The China Securities Regulatory Commission (CSRC) suspended Chinese credit rating agency ‘Golden Credit Rating’ after a former executive was accused of taking massive bribes to boost ratings of issuers. The regulator mentioned that they were temporarily freezing the license of the rating agency and had forbidden them from taking any new business within the next three months. The measures come after a spate of defaults by Chinese state owned enterprises and investigations thereof, particularly in the case of YongCheng Coal. In a latest, Shandong Ruyi, a private company defaulted on a local bond and is set to default on another today. CSRC said that Golden Credit failed to justify some of its ratings and ordered them to make corrections. “Most private investors do not take credit ratings seriously as the system does a bad job in measuring risks,” said a former executive at a Chinese credit rating agency. The regulators are also investigating China Chengxin, which had rated YongCheng Coal at AAA and directly cut them to BB after the default. Analysts expect these measures to tighten borrowing conditions in the future and to have long-term consequences.
For the full story, click here
ECB Lifts Dividend Ban Subject to 15% Cap on Two Years’ Profits
The European Central Bank’s (ECB) supervisory board noted that Eurozone banks will be able to pay dividends to shareholders subject to a cap of 15% of the previous two years’ profits and not higher than 0.2% of the CET1 capital. “We have been quite brave to ask banks to refrain from paying dividends at this difficult juncture…It’s an important opening. We are moving slowly back to normal, although we are not in normality yet” said Andrea Enria, the chair of ECB’s supervisory board. The new recommendation will last till September 2021, post which it will revert to its normal assessment of banks’ capital and dividend policies in the absence of any materially adverse developments. The ECB in March had banned banks from making dividends and share buybacks in the early stages of the pandemic. Recently, the Bank of England (BoE) said that it will allow banks to pay dividends provided they do not exceed 0.2% of their risk-weighted assets (RWA), or 25% of cumulative quarterly profits over 2019 and 2020.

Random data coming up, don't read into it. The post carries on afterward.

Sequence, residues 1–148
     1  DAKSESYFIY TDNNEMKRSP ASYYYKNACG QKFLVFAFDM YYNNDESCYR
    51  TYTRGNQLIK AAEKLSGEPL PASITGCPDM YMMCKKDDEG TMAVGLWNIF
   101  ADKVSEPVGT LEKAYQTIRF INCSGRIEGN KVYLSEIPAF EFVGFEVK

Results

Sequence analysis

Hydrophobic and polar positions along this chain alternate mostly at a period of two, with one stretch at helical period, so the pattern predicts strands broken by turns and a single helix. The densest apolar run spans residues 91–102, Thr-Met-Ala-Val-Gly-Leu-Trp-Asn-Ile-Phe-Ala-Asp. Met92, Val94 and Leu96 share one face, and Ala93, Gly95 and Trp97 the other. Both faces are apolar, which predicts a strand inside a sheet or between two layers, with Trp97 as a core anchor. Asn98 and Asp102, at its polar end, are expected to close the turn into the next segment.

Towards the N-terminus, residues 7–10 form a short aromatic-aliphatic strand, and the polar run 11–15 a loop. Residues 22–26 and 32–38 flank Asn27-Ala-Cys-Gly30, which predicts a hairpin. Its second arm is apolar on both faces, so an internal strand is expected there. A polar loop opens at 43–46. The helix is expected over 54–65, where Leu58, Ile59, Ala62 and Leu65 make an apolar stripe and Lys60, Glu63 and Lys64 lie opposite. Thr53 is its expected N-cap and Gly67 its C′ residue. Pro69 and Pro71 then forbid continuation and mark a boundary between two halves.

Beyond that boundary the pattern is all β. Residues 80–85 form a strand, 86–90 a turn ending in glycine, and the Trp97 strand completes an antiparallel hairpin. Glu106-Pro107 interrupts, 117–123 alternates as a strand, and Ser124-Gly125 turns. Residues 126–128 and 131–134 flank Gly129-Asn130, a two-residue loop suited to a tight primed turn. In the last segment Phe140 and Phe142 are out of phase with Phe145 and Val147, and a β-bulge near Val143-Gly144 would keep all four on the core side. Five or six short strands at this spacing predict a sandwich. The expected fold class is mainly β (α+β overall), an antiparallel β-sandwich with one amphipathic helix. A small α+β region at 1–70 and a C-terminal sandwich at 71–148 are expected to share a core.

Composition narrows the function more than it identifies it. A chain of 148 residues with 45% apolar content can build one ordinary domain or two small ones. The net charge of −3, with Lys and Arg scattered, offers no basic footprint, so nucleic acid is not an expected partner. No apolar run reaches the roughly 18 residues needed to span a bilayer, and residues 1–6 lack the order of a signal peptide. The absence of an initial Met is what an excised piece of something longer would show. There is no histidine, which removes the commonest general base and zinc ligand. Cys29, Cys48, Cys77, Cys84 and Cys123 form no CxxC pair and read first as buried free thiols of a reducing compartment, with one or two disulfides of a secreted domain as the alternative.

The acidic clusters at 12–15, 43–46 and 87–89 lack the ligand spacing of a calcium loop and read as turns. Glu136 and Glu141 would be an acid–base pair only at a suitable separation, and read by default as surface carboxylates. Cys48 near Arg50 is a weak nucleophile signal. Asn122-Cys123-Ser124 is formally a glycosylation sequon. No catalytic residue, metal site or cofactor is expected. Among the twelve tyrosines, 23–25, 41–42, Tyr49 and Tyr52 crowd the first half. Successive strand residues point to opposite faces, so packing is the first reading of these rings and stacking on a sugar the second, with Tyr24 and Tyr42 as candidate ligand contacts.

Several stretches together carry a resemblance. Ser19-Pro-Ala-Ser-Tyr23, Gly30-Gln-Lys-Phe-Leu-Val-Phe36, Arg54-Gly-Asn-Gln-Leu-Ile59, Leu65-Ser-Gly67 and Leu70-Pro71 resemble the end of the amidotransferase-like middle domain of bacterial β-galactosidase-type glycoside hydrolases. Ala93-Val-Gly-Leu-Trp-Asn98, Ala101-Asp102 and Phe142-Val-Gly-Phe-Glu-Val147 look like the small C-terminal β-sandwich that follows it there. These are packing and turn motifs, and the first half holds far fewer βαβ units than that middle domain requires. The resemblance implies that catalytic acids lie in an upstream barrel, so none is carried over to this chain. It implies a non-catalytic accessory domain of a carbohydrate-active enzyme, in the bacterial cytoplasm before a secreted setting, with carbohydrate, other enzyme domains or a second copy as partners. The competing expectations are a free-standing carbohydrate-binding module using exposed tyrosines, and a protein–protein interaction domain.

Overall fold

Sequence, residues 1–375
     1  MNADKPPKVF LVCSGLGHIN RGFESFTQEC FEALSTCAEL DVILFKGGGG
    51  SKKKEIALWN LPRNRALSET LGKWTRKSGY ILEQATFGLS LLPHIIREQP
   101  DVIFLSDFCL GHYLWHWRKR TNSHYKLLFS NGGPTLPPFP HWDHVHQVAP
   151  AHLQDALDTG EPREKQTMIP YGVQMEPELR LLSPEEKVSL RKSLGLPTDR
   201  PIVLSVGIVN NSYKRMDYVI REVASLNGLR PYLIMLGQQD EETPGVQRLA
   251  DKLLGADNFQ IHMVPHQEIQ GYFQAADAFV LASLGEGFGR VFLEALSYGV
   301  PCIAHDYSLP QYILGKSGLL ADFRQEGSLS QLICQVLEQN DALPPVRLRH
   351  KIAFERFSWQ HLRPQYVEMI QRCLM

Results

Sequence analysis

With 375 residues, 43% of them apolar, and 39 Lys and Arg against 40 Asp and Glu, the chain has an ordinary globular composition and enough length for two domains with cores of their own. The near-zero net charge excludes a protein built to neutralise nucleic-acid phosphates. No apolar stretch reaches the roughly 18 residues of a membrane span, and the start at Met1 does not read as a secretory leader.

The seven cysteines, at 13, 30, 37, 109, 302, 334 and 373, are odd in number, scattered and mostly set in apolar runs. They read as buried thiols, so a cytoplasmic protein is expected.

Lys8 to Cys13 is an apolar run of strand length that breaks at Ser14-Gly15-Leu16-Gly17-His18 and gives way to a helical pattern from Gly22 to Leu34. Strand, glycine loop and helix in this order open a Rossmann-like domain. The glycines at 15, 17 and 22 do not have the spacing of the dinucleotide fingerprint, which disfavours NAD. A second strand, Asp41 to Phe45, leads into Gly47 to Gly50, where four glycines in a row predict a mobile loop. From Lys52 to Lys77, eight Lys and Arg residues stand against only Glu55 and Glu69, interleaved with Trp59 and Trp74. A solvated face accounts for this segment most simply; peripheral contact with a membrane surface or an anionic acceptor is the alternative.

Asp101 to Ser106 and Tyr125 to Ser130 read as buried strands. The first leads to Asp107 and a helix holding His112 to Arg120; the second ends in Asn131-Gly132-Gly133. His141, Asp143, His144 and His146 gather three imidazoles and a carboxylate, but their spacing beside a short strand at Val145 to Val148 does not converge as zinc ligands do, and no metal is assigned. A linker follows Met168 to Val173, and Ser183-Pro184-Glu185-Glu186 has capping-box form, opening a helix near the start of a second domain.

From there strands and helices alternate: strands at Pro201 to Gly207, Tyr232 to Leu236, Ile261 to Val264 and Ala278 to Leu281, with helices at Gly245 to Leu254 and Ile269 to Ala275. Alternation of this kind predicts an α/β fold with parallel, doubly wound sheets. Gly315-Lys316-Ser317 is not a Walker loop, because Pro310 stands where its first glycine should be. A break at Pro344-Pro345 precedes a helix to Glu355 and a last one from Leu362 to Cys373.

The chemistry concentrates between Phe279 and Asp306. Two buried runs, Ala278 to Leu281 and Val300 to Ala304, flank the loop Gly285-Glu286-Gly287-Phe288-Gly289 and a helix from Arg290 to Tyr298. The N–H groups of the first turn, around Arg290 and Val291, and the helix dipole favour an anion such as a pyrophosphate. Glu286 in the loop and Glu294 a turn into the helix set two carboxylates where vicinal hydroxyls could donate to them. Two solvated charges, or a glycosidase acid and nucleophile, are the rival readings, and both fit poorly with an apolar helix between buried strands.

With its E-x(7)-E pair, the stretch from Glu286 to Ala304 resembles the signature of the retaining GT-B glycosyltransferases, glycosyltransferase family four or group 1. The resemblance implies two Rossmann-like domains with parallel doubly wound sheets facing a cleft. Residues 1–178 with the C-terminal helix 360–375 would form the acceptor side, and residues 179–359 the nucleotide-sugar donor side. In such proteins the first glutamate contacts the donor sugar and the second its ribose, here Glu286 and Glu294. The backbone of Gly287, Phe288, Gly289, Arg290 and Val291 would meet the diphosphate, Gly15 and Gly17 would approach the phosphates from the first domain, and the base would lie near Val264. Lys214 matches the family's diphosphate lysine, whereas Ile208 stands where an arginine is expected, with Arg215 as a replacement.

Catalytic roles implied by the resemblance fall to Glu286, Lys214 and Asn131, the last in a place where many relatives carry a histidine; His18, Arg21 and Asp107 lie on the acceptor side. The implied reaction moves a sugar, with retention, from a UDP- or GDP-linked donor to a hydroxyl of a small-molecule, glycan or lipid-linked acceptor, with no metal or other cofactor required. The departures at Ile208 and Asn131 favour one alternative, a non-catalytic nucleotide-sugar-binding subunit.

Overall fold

For the full story, click here
Norwegian Cruise Upsizes 5Y Bond to Raise $850 Million
NCL Corporation, a subsidiary of Norwegian Cruise Line Holdings (NCLH) raised $850mn via 5Y new bonds, upsized from an initial $500mn, at a yield of 5.875%, a massive 87.5bp inside initial guidance of 6.75% area. The upsize and tightening come on the back of positive sentiment created by news of the coronavirus vaccine, which could lead to a revival of the travel and leisure sector. This is the company’s third offering since the pandemic brought its operations to a complete halt. However, this time the company has issued unsecured debt backed by a guarantee from certain subsidiaries. The cruiseliner, which has a monthly cash burn of ~$150mn, last tapped the market in July through a $750mn 5.5Y secured paper (rated Ba2/BB) at 10.25%. The bonds have rallied over the past month from ~103 in early November to 116.5 currently, yielding 5.27%.
In November, its rival Carnival had also raised $1.425bn via a 5.25Y non-call 3.25Y (5.25NC3.25) bond at a yield of 7.625%, inside initial guidance in the mid-high 8%s. “Certainly cruises have become more investable with the vaccine as you have some endgame in sight, and people will start to feel more comfortable getting back on a cruise ship” said Seth Meyer, a portfolio manager at Janus Henderson.
In its SEC filing the company revealed the following.
- The company had implemented a voluntary suspension of all cruise voyages in March 2020. The suspension has been extended to February 28, 2021 for Norwegian Cruise Line and to March 31, 2021 for Oceania Cruises and Regent Seven Seas Cruises
- It has nine newbuilds on order, scheduled to be delivered through 2027 with committed export credit facilities that are available to fund newbuilds
- Since March 2020, Moody’s has taken the following actions
- Downgraded its long-term issuer rating to B2
- Lowered its senior secured rating to B1 and senior unsecured rating to Caa1.
- Since April 2020, S&P Global has taken the following actions
- Downgraded its issuer credit rating to B+
- Lowered its issue-level rating on its $875mn senior secured revolving loan facility and $1.5bn term loan A to BB
- Lowered issue-level rating on its $675mn senior secured notes due 2024 and $750mn senior secured notes due 2026 to BB-
- Lowered its senior unsecured rating to B
- It further expects S&P to downgrade its rating from B to B- in connection with the offering
For the full story, click here
GCL New Energy Sells Assets Ahead Of Dollar Bond Maturity